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"What Teachers Hate About Parents" - a Response


by Stewart Ehly - May 02, 2005

Time Magazine's recent article "What Teachers Hate About Parents" raises many questions about the current state of parent-teacher communication.

Time’s cover story “What Teachers Hate About Parents” (Gibbs, 2005) may be attention-catching journalism, but it echoes many published sentiments (almost all from educators) concerning parents and their impact on the relationship between teacher and child.  Of more importance is what can be done about the tensions that are highlighted in the title to the report.  Help teachers deal with their hate? Recognize that “hate” is not the relevant feeling and help teachers to understand their emotions better? Focus on the school as a system and strive to create a climate of acceptance?


There are many ways to address the issues noted by Time Magazine.  Before considering desirable outcomes, I suggest that the scope of the discussion first needs to be established.  I believe the literature provides adequate confirmation that parental involvement is important.  The next issue to address should be why, in the face of the evidence, schools raise barriers that affect the most fundamental element of parental involvement: parent-teacher communication?  We then might consider whether the possibilities for improving communication are unlimited or, if not, whose voice will determine what is acceptable discourse.


I have been involved in education for many years.  I have talked with thousands of parents and teachers and even trained a few teachers to engage in “parent involvement.” One conclusion that I have reached is that to succeed, communication with parents must be recognized as time intensive and emotionally challenging.  Little good results if teachers and parents communicate only because they feel obligated to do so (the ritual nature of conferences described by some commentators). Instead, the intensity of engagement can signal that both parties value and are connected emotionally to the communication process.


Communication that is supported by teachers, parents, and administrators has the best opportunity for genuine connection. Having time, skills, and motivation are important, of course, but the expectation that communication is essential must come from the participants.  Does the school value the parent, seek input, invite questions, recruit participation, open doors for involvement in governance, offer guidance and feedback when requested?  These activities are part of the communication process that the school and its staff control.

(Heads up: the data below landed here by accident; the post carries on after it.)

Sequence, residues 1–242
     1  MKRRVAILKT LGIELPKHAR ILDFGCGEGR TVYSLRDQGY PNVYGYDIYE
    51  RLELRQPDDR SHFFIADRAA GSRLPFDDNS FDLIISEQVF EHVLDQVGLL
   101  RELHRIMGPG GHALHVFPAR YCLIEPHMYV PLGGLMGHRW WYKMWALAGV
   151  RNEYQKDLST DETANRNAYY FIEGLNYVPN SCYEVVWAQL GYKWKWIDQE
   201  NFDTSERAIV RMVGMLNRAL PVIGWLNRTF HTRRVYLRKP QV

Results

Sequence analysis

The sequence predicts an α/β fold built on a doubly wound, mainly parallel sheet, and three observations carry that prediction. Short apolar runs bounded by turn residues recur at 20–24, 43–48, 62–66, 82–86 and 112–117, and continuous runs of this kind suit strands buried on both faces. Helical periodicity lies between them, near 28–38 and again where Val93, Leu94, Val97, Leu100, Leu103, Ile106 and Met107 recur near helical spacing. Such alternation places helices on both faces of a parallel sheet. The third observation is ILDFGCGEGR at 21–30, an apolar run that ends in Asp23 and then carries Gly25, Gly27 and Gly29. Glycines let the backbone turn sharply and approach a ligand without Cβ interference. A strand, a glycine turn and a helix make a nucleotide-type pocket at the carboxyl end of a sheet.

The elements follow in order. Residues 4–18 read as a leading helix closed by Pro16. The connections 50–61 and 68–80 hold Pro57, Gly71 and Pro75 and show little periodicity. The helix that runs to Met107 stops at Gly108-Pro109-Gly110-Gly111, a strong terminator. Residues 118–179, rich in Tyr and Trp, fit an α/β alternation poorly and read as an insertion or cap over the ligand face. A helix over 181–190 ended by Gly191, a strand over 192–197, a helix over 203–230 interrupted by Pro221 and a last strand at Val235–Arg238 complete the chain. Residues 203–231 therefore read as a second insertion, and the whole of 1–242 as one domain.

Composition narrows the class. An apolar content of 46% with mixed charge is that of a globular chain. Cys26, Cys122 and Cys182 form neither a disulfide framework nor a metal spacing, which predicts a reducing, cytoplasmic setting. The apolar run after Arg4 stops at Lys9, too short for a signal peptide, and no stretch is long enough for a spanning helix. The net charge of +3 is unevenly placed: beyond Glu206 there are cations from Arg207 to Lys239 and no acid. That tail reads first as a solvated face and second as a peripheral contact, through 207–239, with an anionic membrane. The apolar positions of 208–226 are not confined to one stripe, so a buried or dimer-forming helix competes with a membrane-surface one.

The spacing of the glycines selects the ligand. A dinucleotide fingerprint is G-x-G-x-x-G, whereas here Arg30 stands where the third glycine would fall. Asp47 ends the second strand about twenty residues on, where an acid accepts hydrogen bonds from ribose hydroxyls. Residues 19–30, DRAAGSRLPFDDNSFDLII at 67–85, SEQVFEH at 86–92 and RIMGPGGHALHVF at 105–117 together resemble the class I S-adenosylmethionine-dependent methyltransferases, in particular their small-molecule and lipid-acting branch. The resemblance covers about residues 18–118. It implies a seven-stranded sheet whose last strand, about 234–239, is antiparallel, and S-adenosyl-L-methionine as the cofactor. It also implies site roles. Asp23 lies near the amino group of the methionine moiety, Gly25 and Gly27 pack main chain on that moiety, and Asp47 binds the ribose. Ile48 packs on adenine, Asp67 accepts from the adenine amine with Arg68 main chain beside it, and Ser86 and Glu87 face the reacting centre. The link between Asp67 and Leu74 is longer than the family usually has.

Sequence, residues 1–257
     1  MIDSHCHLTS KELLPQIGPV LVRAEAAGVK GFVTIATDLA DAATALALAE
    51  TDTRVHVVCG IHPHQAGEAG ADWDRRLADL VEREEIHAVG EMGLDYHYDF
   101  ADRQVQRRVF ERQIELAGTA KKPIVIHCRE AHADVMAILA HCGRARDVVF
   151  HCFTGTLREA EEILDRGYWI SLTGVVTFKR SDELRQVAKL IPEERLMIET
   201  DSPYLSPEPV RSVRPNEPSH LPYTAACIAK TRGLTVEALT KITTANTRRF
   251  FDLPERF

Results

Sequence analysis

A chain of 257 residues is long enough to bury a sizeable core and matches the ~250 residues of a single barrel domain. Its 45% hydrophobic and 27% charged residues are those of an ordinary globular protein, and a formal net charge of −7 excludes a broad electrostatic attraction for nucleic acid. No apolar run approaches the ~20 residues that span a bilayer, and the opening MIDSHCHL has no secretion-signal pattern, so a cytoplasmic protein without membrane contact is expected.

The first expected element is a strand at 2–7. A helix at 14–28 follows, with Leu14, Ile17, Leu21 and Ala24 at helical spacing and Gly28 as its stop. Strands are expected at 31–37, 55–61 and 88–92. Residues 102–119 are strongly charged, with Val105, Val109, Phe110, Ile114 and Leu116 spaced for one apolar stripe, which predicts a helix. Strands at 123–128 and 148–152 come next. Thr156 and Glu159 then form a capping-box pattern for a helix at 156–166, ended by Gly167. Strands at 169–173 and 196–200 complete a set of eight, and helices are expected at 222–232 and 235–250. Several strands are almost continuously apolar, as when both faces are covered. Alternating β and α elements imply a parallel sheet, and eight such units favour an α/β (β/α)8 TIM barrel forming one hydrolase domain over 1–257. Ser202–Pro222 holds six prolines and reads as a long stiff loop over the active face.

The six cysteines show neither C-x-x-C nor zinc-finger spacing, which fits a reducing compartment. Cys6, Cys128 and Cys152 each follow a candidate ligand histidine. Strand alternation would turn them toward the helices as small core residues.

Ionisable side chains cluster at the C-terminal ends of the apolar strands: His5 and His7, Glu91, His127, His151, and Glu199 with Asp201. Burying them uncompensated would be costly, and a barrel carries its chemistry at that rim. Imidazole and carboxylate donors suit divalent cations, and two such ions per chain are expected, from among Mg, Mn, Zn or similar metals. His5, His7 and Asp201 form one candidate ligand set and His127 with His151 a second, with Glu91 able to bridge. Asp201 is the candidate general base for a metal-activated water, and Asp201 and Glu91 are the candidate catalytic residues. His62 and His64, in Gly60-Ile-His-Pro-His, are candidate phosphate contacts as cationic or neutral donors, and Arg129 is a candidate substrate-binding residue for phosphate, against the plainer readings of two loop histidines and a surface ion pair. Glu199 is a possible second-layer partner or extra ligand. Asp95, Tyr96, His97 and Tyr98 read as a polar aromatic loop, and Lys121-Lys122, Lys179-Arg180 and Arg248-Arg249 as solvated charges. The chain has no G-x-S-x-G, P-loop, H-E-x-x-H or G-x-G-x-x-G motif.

Given such control, how are we to interpret the remark that “teachers hate parents?” Do teachers want to be left alone? Be allowed to control every aspect of communication with parents? Set rules for parent participation and be the arbiter of acceptable behavior?


Teachers and administrators would reject the tone and content of these questions, and who could blame them?  Teachers and administrators are professionals who work in bureaucracies that require rules for the system to function. Critics of schools, let alone voices raised against all forms of bureaucracy, protest that systems that are unresponsive to their clients must be changed. Joining school critics are advocates for change in every service provided by government. Reinvention of systems to cater to the consumer is the mantra.


What then to do about relations between parents and teachers? If change is needed, who is to act? Teachers? Parents? Schools? Society?


Yes, of course, to each of the above. Yet how is change to be initiated? No consensus for change exists within the schools, which face the daily challenges of operating an enterprise with many, often competing, demands. More of a consensus exists within the literature written by teacher educators. Here, movement towards a model of partnership is promoted.